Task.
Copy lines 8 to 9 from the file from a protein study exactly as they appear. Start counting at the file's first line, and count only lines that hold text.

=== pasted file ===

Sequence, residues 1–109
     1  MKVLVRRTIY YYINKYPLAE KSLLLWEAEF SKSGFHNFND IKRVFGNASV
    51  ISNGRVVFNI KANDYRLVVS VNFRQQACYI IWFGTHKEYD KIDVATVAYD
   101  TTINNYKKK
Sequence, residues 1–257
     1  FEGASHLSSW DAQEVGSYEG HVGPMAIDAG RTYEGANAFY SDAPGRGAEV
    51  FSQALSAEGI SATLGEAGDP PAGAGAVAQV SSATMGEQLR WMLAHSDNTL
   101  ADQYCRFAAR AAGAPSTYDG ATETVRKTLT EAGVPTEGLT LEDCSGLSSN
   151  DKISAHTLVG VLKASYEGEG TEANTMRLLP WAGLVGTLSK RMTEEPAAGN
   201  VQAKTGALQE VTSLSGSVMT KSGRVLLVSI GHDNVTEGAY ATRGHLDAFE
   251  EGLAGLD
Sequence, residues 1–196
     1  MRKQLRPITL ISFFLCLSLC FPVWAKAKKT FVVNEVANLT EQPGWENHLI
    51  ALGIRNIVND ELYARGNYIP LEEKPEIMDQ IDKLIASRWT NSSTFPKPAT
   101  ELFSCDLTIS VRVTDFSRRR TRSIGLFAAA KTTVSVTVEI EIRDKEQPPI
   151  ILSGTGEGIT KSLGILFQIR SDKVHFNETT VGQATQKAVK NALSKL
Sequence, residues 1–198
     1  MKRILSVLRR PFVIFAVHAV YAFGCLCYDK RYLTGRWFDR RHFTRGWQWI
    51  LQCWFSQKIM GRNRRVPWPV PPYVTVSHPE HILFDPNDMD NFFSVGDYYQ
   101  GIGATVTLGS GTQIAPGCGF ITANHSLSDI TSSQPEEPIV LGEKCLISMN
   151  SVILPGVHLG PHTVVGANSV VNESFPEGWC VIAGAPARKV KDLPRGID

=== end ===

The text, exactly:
   101  ADQYCRFAAR AAGAPSTYDG ATETVRKTLT EAGVPTEGLT LEDCSGLSSN
   151  DKISAHTLVG VLKASYEGEG TEANTMRLLP WAGLVGTLSK RMTEEPAAGN